People who are favoriting their friends’ smart housing purchases are more likely to make their own.
Fear of missing out may be a more powerful force than any of us realize. According to a new study, FOMO—or something like it—may have a direct influence on how people make decisions in the housing market. And that influence appears to be profound enough to affect housing prices at the county level.
A new paper released by the National Bureau of Economic Research finds a link between a person’s Facebook network and her housing investments. The paper shows that people whose friends have positive experiences in the housing market are more likely to buy themselves. They’re also more likely to buy a larger home, more likely to pay more for a home, and more likely to make a bigger down payment when their friends are making successful investments.
The work—assembled by Facebook economist Michael Bailey, Harvard University’s Ruiqing Cao, and Johannes Stroebel and Theresa Kuchler of New York University’s Stern School of Business—combines Facebook survey data with public-record information on housing transactions. Starting with a broad and diverse market of users in Los Angeles County, the researchers examined how their geographically distant networks, which usually amounted to people situated in just a few discrete areas, affected their investment decisions.
We first analyze 1,242 responses to a housing market survey among Los Angeles-based Facebook users. Over half of the survey respondents report to regularly talk to their friends about investing in the housing market. The survey also asked respondents to assess the attractiveness of property investments in their own zip code relative to other financial investments. Holding respondent characteristics fixed, we find a strong relationship between the recent house price movements in counties where a respondent has friends, and whether that respondent believes that local property is a good investment.
Now, it would only make sense that a person would take her neighbor’s experience in the housing market as instructive advice. A person who talks to her friends about their experiences with investments is doing crucial research. But this research seeks to determine “the plausibly-exogenous variation in the recent house price experiences of an individual’s geographically-distant friends as shifters of her local housing market expectations.”
Meaning, the way that a L.A. resident’s friends’ housing-investment experiences in, say, Oklahoma City influence her decisions about her own perspective on L.A. So the researchers factored for recent transplants and other factors that might influence how much L.A. residents might weigh their social networks versus local networks.
“We find that the house price experiences within an individual’s social network have quantitatively large effects on all four aspects of her housing investment decision,” the paper reads. Those four aspects are:
- Extensive margin decision (rent or own)
- Intensive margin decision (size of the home)
- Willingness to pay for a particular house
- Leverage used to finance the purchase (down payment)
According to the paper, people whose friends experience a 5 percent increase in house price over a 2-year period (from 2008 to 2010) were 3.1 percent more likely to buy a house within the next 2 years (from 2010 to 2012). This is a pronounced effect—more than half the size of the effect of adding another member to the household (such as a spouse).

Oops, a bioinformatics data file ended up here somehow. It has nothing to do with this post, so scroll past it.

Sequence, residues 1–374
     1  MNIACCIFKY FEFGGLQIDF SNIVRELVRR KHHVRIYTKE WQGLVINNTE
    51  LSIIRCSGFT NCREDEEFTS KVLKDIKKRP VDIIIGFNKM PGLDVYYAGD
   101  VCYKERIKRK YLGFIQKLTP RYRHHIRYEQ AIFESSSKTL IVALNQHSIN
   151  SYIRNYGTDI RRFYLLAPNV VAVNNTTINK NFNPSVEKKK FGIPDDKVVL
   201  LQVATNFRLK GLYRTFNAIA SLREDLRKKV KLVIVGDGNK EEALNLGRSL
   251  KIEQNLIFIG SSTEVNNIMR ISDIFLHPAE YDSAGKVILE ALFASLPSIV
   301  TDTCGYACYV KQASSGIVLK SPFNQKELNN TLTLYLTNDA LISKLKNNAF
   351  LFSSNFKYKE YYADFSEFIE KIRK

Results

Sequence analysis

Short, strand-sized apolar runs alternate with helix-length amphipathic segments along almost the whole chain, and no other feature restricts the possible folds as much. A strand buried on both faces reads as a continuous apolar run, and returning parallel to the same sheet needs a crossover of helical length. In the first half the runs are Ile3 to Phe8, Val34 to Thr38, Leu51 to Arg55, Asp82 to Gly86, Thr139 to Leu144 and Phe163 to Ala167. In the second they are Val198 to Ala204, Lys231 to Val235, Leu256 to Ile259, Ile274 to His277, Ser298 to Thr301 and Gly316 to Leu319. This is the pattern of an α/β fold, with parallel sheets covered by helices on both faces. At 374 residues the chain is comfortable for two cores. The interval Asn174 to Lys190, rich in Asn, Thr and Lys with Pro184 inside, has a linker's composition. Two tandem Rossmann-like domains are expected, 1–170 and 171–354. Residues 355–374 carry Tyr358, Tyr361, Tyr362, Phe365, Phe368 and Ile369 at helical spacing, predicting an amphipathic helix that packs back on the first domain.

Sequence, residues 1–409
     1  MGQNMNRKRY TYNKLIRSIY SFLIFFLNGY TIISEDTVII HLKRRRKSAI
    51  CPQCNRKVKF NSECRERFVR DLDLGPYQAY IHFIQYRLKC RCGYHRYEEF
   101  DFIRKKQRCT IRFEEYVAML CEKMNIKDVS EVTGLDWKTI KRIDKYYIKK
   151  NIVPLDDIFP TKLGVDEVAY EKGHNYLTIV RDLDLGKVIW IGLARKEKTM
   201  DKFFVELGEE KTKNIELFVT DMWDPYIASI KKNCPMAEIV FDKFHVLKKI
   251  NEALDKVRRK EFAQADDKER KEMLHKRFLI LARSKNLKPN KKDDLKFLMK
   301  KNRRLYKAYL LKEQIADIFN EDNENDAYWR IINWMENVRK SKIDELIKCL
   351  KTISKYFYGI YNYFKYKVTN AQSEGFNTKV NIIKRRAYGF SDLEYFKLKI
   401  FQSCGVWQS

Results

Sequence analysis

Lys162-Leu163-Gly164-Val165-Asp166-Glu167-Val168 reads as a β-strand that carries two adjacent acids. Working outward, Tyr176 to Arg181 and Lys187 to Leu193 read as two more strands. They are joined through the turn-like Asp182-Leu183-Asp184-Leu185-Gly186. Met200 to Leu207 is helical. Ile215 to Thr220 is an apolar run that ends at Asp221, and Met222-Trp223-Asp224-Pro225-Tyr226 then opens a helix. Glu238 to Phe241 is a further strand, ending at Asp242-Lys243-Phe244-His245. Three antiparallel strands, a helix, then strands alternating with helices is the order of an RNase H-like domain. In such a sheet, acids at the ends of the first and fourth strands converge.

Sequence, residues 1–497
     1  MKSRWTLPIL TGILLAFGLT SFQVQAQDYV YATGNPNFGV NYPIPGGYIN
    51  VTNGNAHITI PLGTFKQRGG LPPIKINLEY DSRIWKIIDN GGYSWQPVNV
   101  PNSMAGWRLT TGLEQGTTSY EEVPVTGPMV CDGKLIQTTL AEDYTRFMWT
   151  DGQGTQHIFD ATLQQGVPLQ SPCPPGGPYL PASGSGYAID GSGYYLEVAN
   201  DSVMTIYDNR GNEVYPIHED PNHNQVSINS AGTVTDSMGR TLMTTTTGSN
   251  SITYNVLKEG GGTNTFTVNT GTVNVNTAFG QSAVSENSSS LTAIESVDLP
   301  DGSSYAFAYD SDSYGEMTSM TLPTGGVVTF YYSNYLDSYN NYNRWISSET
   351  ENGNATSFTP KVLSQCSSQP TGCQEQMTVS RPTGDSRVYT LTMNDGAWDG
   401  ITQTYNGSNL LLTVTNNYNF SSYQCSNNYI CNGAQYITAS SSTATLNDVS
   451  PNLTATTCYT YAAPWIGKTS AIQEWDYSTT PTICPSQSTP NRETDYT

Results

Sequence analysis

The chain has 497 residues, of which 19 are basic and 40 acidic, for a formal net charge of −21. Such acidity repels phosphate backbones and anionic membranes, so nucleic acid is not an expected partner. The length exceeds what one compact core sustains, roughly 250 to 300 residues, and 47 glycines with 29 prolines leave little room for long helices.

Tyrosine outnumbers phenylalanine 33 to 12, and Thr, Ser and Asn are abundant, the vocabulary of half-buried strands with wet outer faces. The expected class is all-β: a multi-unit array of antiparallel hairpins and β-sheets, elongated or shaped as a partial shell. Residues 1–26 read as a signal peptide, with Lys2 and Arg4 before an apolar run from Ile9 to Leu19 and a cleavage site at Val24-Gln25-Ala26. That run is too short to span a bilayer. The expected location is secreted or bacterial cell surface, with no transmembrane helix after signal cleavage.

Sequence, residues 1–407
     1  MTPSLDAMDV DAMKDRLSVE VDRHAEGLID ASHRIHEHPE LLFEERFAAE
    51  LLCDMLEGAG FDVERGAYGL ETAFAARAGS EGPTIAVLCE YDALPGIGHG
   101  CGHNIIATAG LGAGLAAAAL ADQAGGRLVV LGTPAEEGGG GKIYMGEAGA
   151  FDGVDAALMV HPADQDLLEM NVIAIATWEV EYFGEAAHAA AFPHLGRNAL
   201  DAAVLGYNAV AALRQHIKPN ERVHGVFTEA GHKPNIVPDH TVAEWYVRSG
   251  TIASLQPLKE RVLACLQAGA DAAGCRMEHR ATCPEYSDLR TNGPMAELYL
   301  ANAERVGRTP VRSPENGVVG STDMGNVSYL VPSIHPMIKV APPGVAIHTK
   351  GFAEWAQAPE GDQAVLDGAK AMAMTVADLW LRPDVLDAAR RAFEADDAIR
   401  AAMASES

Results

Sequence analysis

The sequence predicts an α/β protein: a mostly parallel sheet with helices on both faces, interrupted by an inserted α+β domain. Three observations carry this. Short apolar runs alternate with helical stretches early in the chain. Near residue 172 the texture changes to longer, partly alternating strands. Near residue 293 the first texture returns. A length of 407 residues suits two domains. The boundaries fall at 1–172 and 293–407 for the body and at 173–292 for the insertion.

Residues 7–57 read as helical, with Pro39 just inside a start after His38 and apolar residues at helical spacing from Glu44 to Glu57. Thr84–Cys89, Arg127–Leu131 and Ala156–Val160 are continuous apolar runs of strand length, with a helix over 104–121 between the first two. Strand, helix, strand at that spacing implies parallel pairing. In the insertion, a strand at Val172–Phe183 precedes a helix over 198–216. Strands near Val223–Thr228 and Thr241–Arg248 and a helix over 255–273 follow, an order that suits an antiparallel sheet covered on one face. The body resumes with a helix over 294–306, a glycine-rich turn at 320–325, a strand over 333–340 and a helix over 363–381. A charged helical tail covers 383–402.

Further, people with friends who were getting the most out of the housing market—in this case, a 5 percent increase over a 2-year period—were paying more for their own homes (3.3 percent) and making larger down payments (7 percent). This effect on a person’s own market decisions is correlated to a person’s cumulative social-network experience, including geographically distant networks.
The researchers also found the inverse to be true: When a person’s social network had experienced negative outcomes in the housing market, she was less likely to transition from renter to homeowner status or take other risks in the market.
“We argue that the relationship between the house price experiences in an individual’s social network and her housing market behavior is due to the effects of social interactions on her housing market expectations,” the paper reads—suggesting that liking or favoriting a friend’s upward mobility could plausibly make a person more likely to invest in the housing market. The effect is more pronounced for more social individuals:
For respondents who report that they regularly talk to their friends about whether property is a good investment, we find a strong relationship between their friends’ house price experiences and their own assessment whether property in their own zip code is a good investment. Indeed, for respondents that often talk to their friends about property investments, the effect size is twice the effect size of the average individual. For respondents that never talk to their friends about investing in the housing market, no statistically significant relationship is found.
This paper might help to explain how housing shocks are contagious across geographic boundaries. When it comes to investment decisions, people pay attention to their networks, not just their neighborhoods,.